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Organic Chemistry

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Title: Organic Chemistry


1
Organic Chemistry
William H. Brown Christopher S. Foote
2
Alkenes I
  • Chapter 5

3
Unsaturated Hydrocarbons
  • Unsaturated hydrocarbon contains one or more
    carbon-carbon double or triple bonds
  • Alkene contains a carbon-carbon double bond and
    has the general formula CnH2n
  • Alkyne contains a carbon-carbon triple bond and
    has the general formula CnH2n-2

4
Unsaturated Hydrocarbons
  • Arenes benzene and its derivatives (Ch 20-21)

5
Benzene Phenyl Group
  • We do not study benzene and its derivatives until
    Chapters 20 21
  • but, we show structural formulas of compounds
    containing the phenyl group before that time
  • the phenyl group is not reactive under any of
    the conditions we describe in Ch 6-19

6
Structure of Alkenes
  • The two carbon atoms of a double bond and the
    four atoms attached to them lie in a plane, with
    bond angles of approximately 120
  • A double bond consists of
  • one sigma bond formed by overlap of sp2 hybrid
    orbitals
  • one pi bond formed by overlap of parallel 2p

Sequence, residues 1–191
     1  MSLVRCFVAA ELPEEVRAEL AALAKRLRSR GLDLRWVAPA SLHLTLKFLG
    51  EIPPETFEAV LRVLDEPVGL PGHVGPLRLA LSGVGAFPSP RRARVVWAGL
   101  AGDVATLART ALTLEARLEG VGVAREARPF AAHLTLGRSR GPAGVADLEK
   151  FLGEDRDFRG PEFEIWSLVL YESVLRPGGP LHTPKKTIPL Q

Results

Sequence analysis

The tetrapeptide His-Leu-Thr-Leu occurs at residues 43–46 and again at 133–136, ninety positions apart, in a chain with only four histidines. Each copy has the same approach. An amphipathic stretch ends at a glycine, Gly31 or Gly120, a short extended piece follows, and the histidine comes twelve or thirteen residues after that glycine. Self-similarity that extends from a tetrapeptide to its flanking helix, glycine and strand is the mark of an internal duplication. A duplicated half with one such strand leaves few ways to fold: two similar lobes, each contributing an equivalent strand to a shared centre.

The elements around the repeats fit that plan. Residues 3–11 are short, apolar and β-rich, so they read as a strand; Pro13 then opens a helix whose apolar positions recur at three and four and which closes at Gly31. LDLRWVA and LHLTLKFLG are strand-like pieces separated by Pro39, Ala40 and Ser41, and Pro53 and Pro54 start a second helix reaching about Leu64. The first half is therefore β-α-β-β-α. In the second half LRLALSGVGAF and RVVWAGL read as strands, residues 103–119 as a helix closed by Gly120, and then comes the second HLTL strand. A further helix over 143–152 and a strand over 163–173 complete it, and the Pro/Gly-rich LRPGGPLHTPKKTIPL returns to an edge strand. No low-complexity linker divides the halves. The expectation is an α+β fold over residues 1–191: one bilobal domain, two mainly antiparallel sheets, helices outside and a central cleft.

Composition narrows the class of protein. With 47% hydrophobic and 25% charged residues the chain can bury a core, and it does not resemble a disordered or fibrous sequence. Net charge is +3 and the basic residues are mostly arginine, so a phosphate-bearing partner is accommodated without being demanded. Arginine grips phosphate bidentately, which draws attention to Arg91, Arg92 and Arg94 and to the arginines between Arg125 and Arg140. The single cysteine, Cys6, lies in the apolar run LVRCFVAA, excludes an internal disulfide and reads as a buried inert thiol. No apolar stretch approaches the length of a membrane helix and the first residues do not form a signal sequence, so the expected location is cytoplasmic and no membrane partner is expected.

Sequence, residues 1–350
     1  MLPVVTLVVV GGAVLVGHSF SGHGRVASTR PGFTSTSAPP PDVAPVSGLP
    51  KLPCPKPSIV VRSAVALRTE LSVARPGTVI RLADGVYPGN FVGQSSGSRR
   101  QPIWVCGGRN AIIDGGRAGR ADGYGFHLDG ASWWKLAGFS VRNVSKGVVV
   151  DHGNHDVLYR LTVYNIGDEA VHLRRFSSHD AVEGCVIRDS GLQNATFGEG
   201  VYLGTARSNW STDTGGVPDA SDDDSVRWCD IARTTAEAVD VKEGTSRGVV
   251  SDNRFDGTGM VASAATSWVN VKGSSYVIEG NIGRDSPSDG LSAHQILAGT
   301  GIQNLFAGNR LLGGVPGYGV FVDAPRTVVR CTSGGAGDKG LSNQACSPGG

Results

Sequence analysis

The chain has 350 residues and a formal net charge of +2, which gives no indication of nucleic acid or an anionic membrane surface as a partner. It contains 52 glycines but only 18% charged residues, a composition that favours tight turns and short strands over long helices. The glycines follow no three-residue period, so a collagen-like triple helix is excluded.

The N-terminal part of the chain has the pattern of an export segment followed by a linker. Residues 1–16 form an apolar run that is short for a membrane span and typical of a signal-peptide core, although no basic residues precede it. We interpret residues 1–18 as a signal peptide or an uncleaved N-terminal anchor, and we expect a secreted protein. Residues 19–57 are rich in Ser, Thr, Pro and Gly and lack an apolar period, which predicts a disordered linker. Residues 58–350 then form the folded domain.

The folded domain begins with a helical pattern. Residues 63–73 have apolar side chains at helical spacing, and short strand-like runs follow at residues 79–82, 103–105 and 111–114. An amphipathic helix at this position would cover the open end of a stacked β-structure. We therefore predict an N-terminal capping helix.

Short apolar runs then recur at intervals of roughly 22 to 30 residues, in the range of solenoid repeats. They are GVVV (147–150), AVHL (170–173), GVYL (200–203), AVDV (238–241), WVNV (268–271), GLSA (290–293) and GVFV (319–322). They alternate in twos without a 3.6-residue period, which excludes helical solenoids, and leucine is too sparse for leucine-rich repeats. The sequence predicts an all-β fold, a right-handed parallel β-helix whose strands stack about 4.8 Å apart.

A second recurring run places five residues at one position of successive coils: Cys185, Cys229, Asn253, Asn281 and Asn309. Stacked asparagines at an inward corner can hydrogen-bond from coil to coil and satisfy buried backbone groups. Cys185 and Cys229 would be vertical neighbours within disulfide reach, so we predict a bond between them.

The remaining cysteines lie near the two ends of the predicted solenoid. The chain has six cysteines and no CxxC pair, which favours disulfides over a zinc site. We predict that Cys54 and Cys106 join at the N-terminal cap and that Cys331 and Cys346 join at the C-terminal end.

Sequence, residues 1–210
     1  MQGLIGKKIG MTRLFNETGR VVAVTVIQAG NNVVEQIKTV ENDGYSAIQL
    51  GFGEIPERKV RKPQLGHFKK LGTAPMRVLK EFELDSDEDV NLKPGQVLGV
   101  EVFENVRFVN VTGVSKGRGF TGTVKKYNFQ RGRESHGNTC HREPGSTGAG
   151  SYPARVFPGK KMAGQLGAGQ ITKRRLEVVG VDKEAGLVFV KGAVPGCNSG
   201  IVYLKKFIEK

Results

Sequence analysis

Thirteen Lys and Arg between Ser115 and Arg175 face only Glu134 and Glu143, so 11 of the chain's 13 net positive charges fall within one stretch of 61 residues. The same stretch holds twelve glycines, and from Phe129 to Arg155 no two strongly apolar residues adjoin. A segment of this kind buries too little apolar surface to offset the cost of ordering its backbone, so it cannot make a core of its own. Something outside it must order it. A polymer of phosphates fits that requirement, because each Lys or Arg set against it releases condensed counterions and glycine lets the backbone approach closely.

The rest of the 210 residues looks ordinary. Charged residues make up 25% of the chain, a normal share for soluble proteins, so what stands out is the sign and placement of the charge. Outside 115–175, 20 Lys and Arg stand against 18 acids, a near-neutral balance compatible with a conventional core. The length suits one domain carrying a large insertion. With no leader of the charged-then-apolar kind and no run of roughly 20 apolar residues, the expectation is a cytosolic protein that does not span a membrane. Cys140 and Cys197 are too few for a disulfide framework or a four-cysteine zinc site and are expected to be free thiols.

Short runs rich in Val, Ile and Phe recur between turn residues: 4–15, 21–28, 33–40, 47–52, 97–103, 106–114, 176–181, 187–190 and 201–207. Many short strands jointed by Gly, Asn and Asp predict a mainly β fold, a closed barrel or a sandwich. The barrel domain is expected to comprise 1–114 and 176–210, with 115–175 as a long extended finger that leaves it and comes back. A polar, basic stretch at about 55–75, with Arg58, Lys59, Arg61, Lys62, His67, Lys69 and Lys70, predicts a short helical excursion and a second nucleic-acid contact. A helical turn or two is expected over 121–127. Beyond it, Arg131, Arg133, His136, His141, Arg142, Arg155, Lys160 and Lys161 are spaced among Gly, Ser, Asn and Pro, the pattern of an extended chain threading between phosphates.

orbitals
  • it takes approx. 264 kJ (63 kcal)/mol to break
    the pi bond in ethylene

7
Restricted rotation about CC
8
Cis,Trans Isomerism
  • Cis,trans isomers isomers that have the same
    connectivity but a different arrangement of their
    atoms in space due to the presence of a ring or a
    carbon-carbon double bond

9
IUPAC Nomenclature
  • 1. Number the longest chain of carbon atoms that
    contains the double bond in the direction that
    gives the carbons of the double bond the lowest
    numbers
  • 2. Locate the double bond by the number of its
    first carbon
  • 3. Name substituents
  • 4. Number the carbon, locate and name
    substituents, locate the double bond, and name
    the main chain.

10
Alkenyl Groups
11
Common Names
  • Despite the precision and universal acceptance of
    IUPAC nomenclature, some alkenes, particularly
    low-molecular-weight ones, are known almost
    exclusively by their common names

12
Configuration
  • The cis,trans system configuration is determined
    by the orientation of atoms of the main chain

13
Configuration - E,Z
  • uses priority rules (Chapter 3)
  • if groups of higher priority are on the same
    side, configuration is Z (German, zusammen)
  • if groups of higher priority are on opposite
    sides, configuration is E (German, entgegen)

14
Configuration - E,Z
  • Example name each alkene and specify its
    configuration by the E,Z system

15
Cis,Trans Isomerism
  • Cycloalkenes
  • configuration of the double bond in cyclopropene
    through cycloheptene must be cis
  • cyclopentene is only slightly puckered

16
Cis,Trans Isomerism
  • the configuration of the double bond in
    cyclohexene must be cis
  • cyclohexene is puckered

17
Cis,Trans Isomerism
  • Cycloalkenes
  • trans-cyclooctene is the smallest
    trans-cycloalkene stable at 25C